Higher Education , Economy , Culture & the Family

Ray Carter | March 20, 2023

Amid workforce shortage, OU touts ‘queer sexperts’

Ray Carter

A report issued in 2019 by the Governor’s Council for Workforce and Economic Development Strategic Plan warned that “the state is on target to experience a worker shortage of nearly 20,000 people by 2028.”

A recent report from the U.S. Chamber of Commerce similarly showed that Oklahoma had 59 available workers for every 100 open jobs.

To reduce or eliminate the anticipated worker shortage in Oklahoma, officials have often touted the importance of the state’s college system.

The Governor’s Council for Workforce and Economic Development report stated, “In order for Oklahoma to meet labor demands, for businesses to grow and prosper, and for Oklahomans to start businesses or succeed in wealth-generating occupations, we must understand that the new minimum for success moving forward will increasingly include education and training beyond high school, including degrees, certificates and credentials.”

Along those lines, a December budget presentation by the Oklahoma State Regents for Higher Education, which asked for $105 million in new state taxpayer funding, stated that Oklahoma colleges are focused on producing “college graduates needed to meet Oklahoma’s current and future workforce demands.”

Against that backdrop, the University of Oklahoma recently sent an email to all students informing them, “In celebration of Queer Health Week, LGBTQ+ Program is hosting a Name Change workshop for queer, trans, nonbinary, or anyone who are interested in learning more about the name change process. You will get a chance to learn from our campus expert from Student Legal Services.”

The March 20 program included a free lunch.

That same email also informed OU students that they could attend a “Queer Sexperts” program on March 21.

“We will provide you with resources, support and the knowledge you need to make informed decisions about your sexual health as a member of the LGBTQ+ community,” the email stated. “FREE dinner will be provided for attendees! Spots are limited.”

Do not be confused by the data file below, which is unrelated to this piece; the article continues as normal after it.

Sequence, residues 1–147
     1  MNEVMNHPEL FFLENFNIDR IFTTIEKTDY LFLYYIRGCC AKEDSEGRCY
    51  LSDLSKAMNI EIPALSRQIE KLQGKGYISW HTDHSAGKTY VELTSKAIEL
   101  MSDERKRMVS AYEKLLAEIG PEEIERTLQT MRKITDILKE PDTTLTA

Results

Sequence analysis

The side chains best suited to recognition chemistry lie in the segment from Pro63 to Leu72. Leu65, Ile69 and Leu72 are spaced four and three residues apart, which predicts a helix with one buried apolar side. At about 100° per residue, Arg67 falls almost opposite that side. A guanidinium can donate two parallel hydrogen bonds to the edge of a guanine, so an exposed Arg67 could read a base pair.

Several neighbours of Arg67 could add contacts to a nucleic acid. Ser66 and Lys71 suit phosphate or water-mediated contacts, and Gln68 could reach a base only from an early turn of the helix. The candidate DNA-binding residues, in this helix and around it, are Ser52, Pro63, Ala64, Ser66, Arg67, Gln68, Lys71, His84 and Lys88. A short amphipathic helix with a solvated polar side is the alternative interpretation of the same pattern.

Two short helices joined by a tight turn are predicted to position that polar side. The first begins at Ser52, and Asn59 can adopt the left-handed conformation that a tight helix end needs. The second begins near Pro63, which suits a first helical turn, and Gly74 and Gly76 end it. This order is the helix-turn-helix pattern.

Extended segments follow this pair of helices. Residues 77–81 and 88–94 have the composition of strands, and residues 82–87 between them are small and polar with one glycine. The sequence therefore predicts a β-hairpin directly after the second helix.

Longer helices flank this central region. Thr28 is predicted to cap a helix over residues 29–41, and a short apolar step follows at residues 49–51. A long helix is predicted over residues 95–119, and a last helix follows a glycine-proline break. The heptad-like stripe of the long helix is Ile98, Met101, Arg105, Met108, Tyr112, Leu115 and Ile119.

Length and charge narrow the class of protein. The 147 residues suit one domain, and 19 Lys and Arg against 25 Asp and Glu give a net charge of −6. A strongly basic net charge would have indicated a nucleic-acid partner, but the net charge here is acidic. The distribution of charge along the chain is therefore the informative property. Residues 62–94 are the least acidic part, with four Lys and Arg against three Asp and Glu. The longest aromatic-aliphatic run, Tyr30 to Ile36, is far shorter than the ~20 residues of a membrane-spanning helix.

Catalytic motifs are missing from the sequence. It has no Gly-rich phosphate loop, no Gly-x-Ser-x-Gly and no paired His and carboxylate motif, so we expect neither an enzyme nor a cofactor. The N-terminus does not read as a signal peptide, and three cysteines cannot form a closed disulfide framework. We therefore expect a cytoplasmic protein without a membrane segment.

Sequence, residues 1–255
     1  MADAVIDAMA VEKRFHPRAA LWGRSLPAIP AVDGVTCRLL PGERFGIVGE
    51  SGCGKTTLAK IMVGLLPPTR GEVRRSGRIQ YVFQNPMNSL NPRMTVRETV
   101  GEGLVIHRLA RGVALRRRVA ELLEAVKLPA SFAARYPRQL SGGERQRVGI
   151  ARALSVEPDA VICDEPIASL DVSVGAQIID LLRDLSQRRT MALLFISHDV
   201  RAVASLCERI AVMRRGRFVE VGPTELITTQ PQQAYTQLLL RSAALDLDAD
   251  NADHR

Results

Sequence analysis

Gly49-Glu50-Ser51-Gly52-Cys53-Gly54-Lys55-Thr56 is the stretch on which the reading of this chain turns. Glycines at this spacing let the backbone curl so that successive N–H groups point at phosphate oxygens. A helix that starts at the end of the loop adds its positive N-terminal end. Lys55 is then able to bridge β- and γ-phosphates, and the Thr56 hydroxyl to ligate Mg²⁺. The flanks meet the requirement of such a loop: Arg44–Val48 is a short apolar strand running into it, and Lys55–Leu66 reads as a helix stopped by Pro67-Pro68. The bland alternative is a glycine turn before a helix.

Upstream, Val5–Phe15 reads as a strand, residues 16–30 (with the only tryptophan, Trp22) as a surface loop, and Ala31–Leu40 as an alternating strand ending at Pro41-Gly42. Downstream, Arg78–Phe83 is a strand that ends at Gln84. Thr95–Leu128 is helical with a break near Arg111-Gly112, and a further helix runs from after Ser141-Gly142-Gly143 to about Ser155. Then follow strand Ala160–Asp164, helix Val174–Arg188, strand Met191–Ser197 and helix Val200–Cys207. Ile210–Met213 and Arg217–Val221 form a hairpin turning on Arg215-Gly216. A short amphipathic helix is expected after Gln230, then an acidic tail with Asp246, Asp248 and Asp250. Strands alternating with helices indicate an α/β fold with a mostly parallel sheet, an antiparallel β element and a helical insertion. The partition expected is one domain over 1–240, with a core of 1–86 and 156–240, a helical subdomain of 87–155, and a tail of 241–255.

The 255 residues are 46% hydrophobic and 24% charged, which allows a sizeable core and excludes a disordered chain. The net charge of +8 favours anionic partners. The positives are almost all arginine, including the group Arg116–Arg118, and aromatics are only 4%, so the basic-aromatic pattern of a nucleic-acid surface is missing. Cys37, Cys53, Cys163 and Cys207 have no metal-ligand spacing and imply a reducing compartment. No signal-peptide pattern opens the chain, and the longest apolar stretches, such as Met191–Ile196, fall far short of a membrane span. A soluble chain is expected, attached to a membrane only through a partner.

The mass email also included boilerplate language following the main body of the message that distanced the university from the programs being touted to its students.

The document stated, “Approval of the form of this E-mail for distribution under the mass E-mail policy does not imply any position of the University.”

[For more stories about higher education in Oklahoma, visit]

Ray Carter Director, Center for Independent Journalism

Ray Carter

Director, Center for Independent Journalism

Ray Carter is the director of OCPA’s Center for Independent Journalism. He has two decades of experience in journalism and communications. He previously served as senior Capitol reporter for The Journal Record, media director for the Oklahoma House of Representatives, and chief editorial writer at The Oklahoman. As a reporter for The Journal Record, Carter received 12 Carl Rogan Awards in four years—including awards for investigative reporting, general news reporting, feature writing, spot news reporting, business reporting, and sports reporting. While at The Oklahoman, he was the recipient of several awards, including first place in the editorial writing category of the Associated Press/Oklahoma News Executives Carl Rogan Memorial News Excellence Competition for an editorial on the history of racism in the Oklahoma legislature.

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